Saturday, May 27, 2006
You're so ugly you could be a modern art masterpiece!
Full Metal Jacket opens, as the twangy "Hello Vietnam" plays on the soundtrack, with a montage of Marine Corps recruits getting buzzcuts. We examine one bored, distracted face after another until the sequence ends with a shot of the piles of hair collecting on the linoleum floor. Their individuality has been stripped away, and the first half of the film is concerned with the military's methods of rebuilding these "unorganized, grabastic pieces of amphibian shit" into a powerful, violent collective. Stanley Kubrick exerts a similar control over his most restrained, calculated film; as with any of his films, it's fascinating to consider how the ideas that drive Full Metal Jacket are mirrored in the director's process.
We follow a platoon of recruits during their training at Paris Island under the delightfully profane Gunnery Sergeant Hartman (R. Lee Ermey). Both the film and Ermey have earned their place in the pop culture firmament, of course, thanks to the character's endlessly quotable dialogue. But to recall Hartman simply as a collection of one-liners is to underestimate Ermey's brilliant performance. A retired Staff Sargeant and Vietnam vet, Ermey lends the film enormous verisimilitude and helps to steer Hartman clear of becoming a cardboard, Strother Martin-like caricature. Ermey was one of the rare actors that Kubrick allowed room to improvise, and his torrents of almost poetic verbal abuse not only lend the film credibility, but also color in shades of ambiguity. On the one hand, we're invited to recoil at Hartman's dehumanizing treatment of the recruits, particularly the dim, sensitive Private Leonard Lawrence (Vincent D'Onofrio), who is dubbed "Private Gomer Pyle." On the other hand, you can sense both Ermey's pride in the role and Kubrick's respect for the character; Hartman is never depicted simply as a sadist, but as a man who is preparing these "maggots" to serve in his beloved Corps. It is a sign of Kubrick's faith in the audience's intelligence that he allows us to answer the question of whether such treatment is necessary for ourselves.
Full Metal Jacket spends a great deal of time establishing the monotonous routines of basic training ("1, 2, 3, 4, United States Marine Corps!"), and it's no wonder that Kubrick, who would put his actors through the paces with dozens of takes, would be drawn to the methodical aspect of the military experience. The man who made Shelley Duvall cry invites us to consider the morality of pushing characters like Private Pyle to the breaking point because they don't fit into a well-oiled machine ("Everything clean"). Our narrator, Private Joker (Matthew Modine), is assigned to whip Pyle into shape, and we share both his compassion for and impatience with poor Pyle. A scene where the recruits give Pyle a brutal beating to teach him a lesson is painful to watch, but rather than going for easy emotional manipulation by allowing us to view the scene from Pyle's perspective, Kubrick shoots the scene from Joker's point of view as he attempts to drown out Pyle's childlike sobs. We share Joker's (and Kubrick's) anger at Pyle's lack of restraint, and so we are partially implicated in Pyle's "major malfunction."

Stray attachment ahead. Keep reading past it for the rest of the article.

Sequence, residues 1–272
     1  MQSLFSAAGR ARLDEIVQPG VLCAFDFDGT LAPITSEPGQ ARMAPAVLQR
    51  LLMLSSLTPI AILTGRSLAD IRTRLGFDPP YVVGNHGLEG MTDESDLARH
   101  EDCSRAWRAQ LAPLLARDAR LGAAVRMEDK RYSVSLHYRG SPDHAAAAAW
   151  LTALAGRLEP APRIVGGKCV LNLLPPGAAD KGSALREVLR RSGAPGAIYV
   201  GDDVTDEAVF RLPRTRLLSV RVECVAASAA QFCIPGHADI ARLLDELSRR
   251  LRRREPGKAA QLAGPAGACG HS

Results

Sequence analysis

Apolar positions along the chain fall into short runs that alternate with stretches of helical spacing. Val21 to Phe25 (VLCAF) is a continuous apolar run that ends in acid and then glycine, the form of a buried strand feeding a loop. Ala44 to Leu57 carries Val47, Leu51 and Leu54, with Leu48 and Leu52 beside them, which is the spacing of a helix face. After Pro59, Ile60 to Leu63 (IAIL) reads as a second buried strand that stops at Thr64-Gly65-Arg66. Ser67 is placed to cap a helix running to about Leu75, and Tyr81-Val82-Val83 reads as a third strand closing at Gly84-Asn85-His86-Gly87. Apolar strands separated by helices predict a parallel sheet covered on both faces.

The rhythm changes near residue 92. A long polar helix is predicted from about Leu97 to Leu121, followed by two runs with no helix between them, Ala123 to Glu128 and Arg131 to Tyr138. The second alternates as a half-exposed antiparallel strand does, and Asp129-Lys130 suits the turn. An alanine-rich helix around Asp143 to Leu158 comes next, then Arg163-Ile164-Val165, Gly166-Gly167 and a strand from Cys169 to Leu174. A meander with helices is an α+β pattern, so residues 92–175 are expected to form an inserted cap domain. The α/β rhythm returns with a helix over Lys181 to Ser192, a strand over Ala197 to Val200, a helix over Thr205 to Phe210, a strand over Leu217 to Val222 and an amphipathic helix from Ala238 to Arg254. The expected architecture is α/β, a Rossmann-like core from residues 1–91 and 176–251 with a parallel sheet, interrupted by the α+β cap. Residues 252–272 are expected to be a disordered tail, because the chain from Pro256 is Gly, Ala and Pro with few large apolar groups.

The second half of the film alienates much of the audience, and it is indeed an abrupt tonal shift from Paris Island. Nancy Sinatra announces this shift on the soundtrack; country has given way to rock and roll. Joker (Matthew Modine), now a combat journalist, hooks up with fellow Parris Island graduate Private Cowboy (Arliss Howard) near Hue. These scenes, particulary the "Vietnam: The Movie" sequence, are often dismissed as aimless, but they actually serve as a thorough demythologization of war. John Wayne is frequently name-dropped, but the closest thing we get to John Wayne is Animal Mother (Adam Baldwin), a dull, racist meathead. These kids are armed only with their rifles and well-worn cliches about camaraderie and valor learned from movies. Animal Mother's idiocy allows him to inadvertently see the war as it is; when he remarks that if he were to die for a word, that word would be "poontang," at least he chooses something tangible. Ever the pragmatist, Kubrick largely sidesteps political philosophy and depicts Vietnam as the place we sent a lot of well-meaning, naive kids to die.
Kubrick's clinical approach turns chilling in the final scenes, as a sniper offs several troops. Each death is accompanied by a hollow blast on the soundtrack that echoes the film's icy electronic score (composed by Kubrick's daughter, Vivian). The director is a master of irony, using it not as a cheap, sarcastic tool but as a microscope that exposes underlying truths; here, the well-oiled military machine is severely crippled by one resorceful individual. It's enough to turn Private Joker, who wears a peace symbol and a helmet reading "BORN TO KILL," from a detached outsider to a "hardcore" killer. The war/sex parallel seen throughout the film and previously in Dr. Strangelove comes into focus here, as Joker is "born again hard." He's a walking erection, and rather than editorializing, Kubrick leaves us to decide whether this is evolution or regression. As the soldiers march into the darkness singing the Mickey Mouse Club theme song, we reflect on their homecoming, when they will return to Mickey's world, maybe for the better, maybe for the worse, but definitely not the same.